Physical Assistance & Transfer

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Four; 4 questions out of the 30 questions in the Patient Care and Education content area come from the Physical Assistance and Transfer sub-topic.

Patient Transfer and Movement
Assisting Patients with Medical Equipment
  • Patient Transfer and Movement

A radiation therapists’ understanding of patient transfer and movement is relevant to patient care. A review of patient transfer and movement touches on body mechanics as well as transfer techniques.

Body mechanics can be defined as the use of one’s body to maintain balance as well as control while producing motions that are safe and efficient. The objective for any movement is transfer safety.  The radiation therapist (health care worker) as well as patient must never be compromised; which means, if you are in doubt as to the level of assistance require, get more help.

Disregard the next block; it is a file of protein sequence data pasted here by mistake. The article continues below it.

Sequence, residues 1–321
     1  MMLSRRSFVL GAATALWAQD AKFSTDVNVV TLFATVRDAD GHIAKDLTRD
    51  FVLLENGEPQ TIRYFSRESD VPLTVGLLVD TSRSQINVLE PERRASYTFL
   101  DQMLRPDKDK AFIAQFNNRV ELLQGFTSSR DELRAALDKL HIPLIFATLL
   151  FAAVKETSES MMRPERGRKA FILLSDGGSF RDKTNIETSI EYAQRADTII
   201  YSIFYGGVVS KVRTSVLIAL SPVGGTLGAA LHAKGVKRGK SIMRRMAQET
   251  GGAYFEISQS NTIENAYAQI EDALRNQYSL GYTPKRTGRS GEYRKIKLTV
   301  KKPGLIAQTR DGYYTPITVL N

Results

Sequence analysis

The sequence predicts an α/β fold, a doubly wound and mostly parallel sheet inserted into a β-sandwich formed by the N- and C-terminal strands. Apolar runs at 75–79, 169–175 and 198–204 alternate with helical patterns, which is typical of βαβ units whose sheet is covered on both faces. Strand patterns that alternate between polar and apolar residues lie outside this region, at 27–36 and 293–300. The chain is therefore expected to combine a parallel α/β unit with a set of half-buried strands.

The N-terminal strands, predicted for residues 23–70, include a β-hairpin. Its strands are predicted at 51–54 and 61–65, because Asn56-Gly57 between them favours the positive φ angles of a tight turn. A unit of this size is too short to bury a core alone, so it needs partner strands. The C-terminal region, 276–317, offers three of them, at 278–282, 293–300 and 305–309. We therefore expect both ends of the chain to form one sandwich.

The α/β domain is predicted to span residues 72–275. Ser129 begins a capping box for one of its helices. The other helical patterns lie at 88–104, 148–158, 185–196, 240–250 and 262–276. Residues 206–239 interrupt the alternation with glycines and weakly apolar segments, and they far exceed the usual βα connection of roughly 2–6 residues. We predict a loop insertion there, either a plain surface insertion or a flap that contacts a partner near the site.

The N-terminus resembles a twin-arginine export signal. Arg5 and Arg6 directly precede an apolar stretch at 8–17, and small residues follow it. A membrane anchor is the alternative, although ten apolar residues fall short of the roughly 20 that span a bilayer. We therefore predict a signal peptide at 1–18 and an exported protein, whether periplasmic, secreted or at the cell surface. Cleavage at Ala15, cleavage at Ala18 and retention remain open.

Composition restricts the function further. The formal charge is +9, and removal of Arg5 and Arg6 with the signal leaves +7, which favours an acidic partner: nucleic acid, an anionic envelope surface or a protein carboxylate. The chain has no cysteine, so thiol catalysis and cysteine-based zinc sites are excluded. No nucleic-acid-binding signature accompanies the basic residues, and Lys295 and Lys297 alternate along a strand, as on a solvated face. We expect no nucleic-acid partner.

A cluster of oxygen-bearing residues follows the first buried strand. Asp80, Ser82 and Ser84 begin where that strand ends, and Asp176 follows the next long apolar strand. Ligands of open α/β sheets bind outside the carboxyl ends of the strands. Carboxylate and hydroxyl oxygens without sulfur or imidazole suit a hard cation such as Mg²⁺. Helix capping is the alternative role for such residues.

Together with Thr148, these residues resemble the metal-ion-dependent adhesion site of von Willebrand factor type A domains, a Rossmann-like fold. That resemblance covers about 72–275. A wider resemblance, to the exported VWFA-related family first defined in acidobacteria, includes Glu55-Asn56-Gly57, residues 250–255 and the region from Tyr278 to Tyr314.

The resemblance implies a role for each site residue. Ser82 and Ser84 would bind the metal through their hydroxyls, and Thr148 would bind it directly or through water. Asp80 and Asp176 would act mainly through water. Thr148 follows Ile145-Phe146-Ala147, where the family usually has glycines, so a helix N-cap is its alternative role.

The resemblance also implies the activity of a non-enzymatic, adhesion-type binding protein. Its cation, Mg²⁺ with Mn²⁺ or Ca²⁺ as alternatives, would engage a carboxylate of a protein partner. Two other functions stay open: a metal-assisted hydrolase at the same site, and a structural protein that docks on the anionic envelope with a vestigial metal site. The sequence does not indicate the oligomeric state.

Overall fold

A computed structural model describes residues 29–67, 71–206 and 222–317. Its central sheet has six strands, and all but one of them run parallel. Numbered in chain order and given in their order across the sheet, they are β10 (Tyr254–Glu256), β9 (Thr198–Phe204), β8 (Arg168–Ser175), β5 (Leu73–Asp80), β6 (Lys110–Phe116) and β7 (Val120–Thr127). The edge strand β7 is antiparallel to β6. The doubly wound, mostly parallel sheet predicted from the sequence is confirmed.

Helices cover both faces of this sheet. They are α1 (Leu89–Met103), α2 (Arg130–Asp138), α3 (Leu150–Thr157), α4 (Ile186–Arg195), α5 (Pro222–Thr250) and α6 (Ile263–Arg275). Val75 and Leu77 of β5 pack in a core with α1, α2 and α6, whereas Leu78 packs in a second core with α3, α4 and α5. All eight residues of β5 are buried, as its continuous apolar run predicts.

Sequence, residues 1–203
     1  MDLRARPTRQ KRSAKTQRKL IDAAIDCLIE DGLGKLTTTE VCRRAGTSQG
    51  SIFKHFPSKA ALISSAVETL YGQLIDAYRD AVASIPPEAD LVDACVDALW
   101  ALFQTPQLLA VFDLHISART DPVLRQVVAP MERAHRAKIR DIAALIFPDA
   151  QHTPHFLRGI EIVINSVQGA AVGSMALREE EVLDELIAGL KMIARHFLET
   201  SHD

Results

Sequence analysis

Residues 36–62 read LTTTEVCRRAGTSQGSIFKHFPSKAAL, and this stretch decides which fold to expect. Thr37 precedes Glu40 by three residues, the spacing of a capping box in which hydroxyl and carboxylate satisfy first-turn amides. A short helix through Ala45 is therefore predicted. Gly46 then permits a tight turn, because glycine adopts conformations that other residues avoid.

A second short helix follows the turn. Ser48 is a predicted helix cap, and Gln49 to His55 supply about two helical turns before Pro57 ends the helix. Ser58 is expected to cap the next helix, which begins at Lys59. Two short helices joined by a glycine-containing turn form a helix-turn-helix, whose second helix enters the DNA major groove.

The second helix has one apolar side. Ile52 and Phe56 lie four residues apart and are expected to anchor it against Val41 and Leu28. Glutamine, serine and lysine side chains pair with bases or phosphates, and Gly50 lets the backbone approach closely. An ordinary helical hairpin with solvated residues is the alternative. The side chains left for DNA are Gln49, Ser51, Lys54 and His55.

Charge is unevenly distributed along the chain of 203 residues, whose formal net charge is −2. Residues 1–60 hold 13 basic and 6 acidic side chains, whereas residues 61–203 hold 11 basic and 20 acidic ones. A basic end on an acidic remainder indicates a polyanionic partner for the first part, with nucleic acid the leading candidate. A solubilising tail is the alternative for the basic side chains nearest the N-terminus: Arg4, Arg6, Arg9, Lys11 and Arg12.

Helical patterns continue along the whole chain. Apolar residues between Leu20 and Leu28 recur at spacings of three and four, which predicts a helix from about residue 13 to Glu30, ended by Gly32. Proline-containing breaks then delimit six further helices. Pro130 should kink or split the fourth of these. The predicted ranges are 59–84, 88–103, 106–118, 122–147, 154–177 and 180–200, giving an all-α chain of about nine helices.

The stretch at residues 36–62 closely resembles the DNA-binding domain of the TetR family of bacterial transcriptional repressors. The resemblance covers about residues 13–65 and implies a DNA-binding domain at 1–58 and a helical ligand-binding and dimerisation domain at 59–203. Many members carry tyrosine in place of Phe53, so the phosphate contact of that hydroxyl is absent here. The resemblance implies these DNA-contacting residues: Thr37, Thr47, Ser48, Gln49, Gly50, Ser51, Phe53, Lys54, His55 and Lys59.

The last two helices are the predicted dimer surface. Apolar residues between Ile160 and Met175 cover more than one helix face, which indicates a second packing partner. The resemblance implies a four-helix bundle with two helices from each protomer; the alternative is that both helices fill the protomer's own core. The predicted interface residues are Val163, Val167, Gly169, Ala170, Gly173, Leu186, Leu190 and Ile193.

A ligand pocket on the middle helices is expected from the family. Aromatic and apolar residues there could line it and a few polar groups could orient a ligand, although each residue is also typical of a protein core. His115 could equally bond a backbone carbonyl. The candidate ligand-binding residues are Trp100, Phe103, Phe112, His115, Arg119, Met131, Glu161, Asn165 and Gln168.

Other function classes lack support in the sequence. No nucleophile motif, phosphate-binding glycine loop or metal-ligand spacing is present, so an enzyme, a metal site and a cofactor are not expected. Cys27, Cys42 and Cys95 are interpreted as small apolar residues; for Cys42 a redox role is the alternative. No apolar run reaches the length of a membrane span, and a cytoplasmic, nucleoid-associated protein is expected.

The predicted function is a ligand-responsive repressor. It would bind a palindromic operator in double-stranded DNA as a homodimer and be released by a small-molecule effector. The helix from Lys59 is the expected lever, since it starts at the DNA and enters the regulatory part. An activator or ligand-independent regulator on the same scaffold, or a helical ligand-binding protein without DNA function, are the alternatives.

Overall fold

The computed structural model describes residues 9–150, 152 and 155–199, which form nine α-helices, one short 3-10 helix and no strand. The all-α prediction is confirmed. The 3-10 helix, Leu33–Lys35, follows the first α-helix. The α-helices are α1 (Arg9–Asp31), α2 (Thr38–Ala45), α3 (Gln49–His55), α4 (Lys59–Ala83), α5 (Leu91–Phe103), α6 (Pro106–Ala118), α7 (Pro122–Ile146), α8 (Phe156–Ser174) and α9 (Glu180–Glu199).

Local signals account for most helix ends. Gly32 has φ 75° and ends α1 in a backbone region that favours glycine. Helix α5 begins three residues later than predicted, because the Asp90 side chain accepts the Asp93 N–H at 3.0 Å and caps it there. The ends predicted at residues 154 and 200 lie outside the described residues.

Here are a few body mechanic tips for your consideration. Always communicate what transfer you are about to perform with the patient and make sure the patient understands their role.  https://www.dir.ca.gov/dosh/dosh_publications/backinj.pdf

  • Bend with your knees so your legs work harder and lessen stress on your back
  • Hold loads close to your body to minimize the effect of a patient’s weight
  • Move your torso from your shoulders to your hips to prevent twisting injury
  • Tighten abdominal muscles to support movements
  • Move predictably which means avoid quick jerky movements

There are three levels of transfer; namely, independent transfer, assisted transfer, as well as dependent transfer. Independent transfer means that the patient performs all aspects of the movement.

Assisted transfer means that the patient actively participates but still needs assistance with the movement.

Dependent transfer means that the patient does not participate with health care workers performing all aspects of the transfer.